Born Sinner Yeezus Magna Carta Holy Grail.
Last time we checked in on Kanye West and Jay Z, they had collaborated on the wildly successful Watch the Throne, which garnered seven Grammy nominations. Since that time, a considerable amount has changed: Jay Z decided to dabble in owning a mediocre NBA team, opened up a sports agency, became the face of the Samsung Galaxy, and tragically ended his relationship with the hyphen. West was equally as busy as he started dating Kim Kardashian, had a child, named said child after a compass direction, and started a fashion collaboration with APC.
A necessary discretionary warning before I delve into this comparison: I am a Kanye West fan. I’ve been buying Kanye stock since College Dropout and if you came here looking for a Kanye hater, you’re not going to find it. Now that we have that out of the way, let’s go.
As mentioned, the last major release was Watch the Throne. With these new albums, Magna Carta Holy Grail and Yeezus, it seemed like Jay Z seemed content to get the throne reupholstered and polished, while West decided to smash the throne apart and build a statue of a hand holding up a middle finger to the world.
I felt that Magna Carta Holy Grail was definitely the safer and consequently the more boring album of the two. Jay Z’s go-to formula has always been: put a "99 Problems"-esque track down and let his rapping skills carry the song along. This time around he tried to change it up a little bit and added some variety. The effort can definitely be seen in “Tom Ford” and “Picasso Baby,” which have some solid production value.
West, on the other hand, has never had a go-to formula, which makes him so interesting and polarizing. He’s never been a great rapper, relying on very gimmicky verses. He’s always been a terrible singer, but he’s also always known his way around production. From the very opening track, West makes it very apparent that he’s not going to censor himself. “Black Skinhead,” the second track, is one of the rawest on the whole album, with a grandiose rumbling drums that will intimidate any first-time listeners. “Blood on the Leaves” may be the song of the album, sampling a beautiful Nina Simone track which West lets shine while making it his own.
I think this time around West’s lack of rapping skills actually helped him, as it forced him to put more effort into breaking conventions and production details; where 808s & Heartbreak failed, Yeezus hit a home run. On the other hand, Jay Z’s effort came off incredibly tired and exhausted. The man decided to use the Samsung Galaxy to release his album, while West decided to project his “New Slaves” video on buildings across cities. Point to Kanye.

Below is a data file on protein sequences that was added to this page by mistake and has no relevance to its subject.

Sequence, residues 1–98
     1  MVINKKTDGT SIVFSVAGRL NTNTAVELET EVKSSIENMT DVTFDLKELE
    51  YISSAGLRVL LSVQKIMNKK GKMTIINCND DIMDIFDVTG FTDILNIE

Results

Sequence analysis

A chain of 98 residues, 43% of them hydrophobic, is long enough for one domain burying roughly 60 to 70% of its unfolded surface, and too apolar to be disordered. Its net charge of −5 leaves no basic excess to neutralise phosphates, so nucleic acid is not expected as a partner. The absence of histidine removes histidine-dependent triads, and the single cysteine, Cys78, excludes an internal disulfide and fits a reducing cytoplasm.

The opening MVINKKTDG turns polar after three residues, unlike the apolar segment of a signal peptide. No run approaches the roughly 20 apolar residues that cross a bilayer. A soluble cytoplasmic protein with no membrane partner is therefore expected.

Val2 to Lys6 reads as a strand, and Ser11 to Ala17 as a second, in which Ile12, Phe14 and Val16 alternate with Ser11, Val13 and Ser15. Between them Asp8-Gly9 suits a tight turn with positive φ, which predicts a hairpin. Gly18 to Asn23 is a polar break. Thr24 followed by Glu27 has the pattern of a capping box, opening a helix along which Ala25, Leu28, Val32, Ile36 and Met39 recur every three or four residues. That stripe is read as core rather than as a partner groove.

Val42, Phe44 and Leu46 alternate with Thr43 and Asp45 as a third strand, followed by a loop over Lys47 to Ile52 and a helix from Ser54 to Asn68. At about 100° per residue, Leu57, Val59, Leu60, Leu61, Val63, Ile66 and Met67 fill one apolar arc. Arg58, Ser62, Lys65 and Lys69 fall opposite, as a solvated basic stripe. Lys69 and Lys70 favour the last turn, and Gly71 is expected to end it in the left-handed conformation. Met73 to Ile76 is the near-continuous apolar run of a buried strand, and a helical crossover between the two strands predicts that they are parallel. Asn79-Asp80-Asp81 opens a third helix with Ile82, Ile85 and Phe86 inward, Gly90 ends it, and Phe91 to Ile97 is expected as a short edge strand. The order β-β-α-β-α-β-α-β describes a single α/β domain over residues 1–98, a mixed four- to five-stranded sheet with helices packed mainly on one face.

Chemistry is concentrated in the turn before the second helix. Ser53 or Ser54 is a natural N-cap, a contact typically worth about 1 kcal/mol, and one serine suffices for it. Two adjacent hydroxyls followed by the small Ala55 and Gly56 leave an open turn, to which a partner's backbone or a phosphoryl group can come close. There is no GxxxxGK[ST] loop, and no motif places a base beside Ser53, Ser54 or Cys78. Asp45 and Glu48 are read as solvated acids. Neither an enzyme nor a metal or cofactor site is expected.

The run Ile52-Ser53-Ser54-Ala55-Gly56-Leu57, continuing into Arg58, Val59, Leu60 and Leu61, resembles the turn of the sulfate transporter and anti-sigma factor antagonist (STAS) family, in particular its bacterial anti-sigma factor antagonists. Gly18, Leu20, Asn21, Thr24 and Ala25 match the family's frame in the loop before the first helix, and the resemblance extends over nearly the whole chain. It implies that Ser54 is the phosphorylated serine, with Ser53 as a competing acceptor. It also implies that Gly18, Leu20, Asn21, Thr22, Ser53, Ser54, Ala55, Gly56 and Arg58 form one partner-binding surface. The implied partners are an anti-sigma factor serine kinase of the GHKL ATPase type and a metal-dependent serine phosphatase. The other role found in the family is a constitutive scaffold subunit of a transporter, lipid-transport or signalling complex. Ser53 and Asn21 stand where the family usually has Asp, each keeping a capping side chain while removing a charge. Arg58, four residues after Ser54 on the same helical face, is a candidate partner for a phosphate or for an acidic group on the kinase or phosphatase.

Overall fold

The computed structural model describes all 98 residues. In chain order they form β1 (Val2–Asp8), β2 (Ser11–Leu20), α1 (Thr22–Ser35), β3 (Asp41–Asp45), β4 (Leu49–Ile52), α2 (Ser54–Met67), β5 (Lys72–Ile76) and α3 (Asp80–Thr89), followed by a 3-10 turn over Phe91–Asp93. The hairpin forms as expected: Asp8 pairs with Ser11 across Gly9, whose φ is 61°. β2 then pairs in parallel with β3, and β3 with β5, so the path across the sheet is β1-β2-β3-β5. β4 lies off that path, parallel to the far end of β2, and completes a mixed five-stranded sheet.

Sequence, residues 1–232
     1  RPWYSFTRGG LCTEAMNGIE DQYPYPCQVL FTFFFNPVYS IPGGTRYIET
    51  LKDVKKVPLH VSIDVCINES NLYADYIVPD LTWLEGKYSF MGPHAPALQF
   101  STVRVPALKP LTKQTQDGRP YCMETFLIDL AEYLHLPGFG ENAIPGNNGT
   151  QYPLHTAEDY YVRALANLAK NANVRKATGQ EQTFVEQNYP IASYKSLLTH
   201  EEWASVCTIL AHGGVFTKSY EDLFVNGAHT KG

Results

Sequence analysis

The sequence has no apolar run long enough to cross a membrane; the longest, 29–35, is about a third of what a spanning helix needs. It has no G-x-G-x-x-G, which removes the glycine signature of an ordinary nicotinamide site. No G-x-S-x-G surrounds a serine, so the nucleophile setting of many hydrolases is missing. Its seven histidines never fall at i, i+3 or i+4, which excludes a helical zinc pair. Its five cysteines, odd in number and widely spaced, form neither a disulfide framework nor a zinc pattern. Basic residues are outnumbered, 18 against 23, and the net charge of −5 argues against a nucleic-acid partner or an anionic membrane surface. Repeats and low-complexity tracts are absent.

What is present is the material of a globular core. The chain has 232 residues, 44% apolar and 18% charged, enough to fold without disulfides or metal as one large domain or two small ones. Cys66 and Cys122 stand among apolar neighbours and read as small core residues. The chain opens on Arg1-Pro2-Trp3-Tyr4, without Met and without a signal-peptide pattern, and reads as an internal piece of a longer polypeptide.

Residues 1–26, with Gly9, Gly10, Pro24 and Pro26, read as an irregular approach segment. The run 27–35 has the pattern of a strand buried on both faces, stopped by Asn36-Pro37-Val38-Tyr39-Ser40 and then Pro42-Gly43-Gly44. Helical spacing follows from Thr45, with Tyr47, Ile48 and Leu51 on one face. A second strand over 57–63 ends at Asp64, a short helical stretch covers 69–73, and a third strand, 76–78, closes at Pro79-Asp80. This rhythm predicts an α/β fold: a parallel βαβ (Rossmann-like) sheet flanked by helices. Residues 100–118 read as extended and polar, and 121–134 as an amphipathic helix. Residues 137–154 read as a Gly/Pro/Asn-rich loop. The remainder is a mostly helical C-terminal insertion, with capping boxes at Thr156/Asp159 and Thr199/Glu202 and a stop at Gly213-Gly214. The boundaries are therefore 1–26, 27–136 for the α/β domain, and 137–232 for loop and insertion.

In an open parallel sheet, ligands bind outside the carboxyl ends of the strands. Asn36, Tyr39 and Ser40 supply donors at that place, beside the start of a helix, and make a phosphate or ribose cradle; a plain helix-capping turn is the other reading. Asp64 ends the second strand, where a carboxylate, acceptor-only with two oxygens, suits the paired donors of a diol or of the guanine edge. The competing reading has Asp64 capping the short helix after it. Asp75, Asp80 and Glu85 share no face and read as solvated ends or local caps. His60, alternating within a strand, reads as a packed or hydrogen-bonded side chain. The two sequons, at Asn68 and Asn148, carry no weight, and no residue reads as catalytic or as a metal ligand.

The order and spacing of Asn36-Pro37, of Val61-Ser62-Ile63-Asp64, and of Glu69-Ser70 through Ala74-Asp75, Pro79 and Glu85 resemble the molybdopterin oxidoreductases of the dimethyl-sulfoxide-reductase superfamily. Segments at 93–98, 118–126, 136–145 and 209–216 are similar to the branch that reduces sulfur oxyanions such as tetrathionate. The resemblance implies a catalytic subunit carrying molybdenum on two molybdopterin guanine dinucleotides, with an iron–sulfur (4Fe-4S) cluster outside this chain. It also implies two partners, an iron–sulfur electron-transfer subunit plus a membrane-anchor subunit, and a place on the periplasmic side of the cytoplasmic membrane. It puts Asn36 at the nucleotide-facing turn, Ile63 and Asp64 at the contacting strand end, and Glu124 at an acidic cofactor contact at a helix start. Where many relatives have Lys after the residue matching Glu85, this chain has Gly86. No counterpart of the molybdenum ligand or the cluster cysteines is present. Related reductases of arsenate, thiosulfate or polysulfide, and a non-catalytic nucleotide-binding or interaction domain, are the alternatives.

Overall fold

In terms of featured artists, Jay Z had Rick Ross and an NSYNC member who carried one of his pop-radio singles. West employed Daft Punk and Justin Vernon and even listed God as a feature. Game. Set. Match.
I’ve made my Kanye bias pretty apparent, but I truly think that Jay Z just pumped out a contrived album to remain somewhat relevant, while West makes it clear that he wants to address the modern state of racial issues. There are numerous moments on the album that will make listeners uncomfortable with the callousness and aggressiveness with which he attacks the subject. One of the more poignant lines is, “They see a black man with a white woman on the top floor, they’re gone come to kill King Kong.” West definitely had more motivation and went to extreme lengths to make polarizing songs to grab attention. While not everyone may appreciate it, in today’s day and age where the masses have been desensitized, I find it impressive that Kanye is able to illicit an extreme response. People are either firmly in his camp or firmly out, but at least he gets some kind of reaction.
Magna Carta Holy Grail invokes images of Michael Jordan. Not the Jordan of Bull’s dynasties, but rather the Jordan of the Wizard days: he puts up twenty-plus points a night, but it doesn’t really have any kind of influence. The middling tracks on Magna Carta Holy Grail are fine songs with occasional strong verses, but at this point I’m kind of numb to it. On the other hand, Yeezus reminds me of Allen Iverson’s 76ers days. Love him or hate him, everyone has an opinion. You always have to appreciate that the man has a relentless hustle, making albums like it might be his last. Both Iverson and West were unconventional and occasionally had, and continue to have, their “practice” moments, but at the end of the day, both left an unforgettable impact. Hopefully this is Jay Z’s victory lap and the “old man just stops,” and we don’t have to watch Jay Z spiral into the Bobcats ownership phase. Watch the Throne felt like the 1997 Iverson crossover on Jordan as we saw a passing of the torch. I’m still holding out for Kanye’s “Tyronn Lue” moment.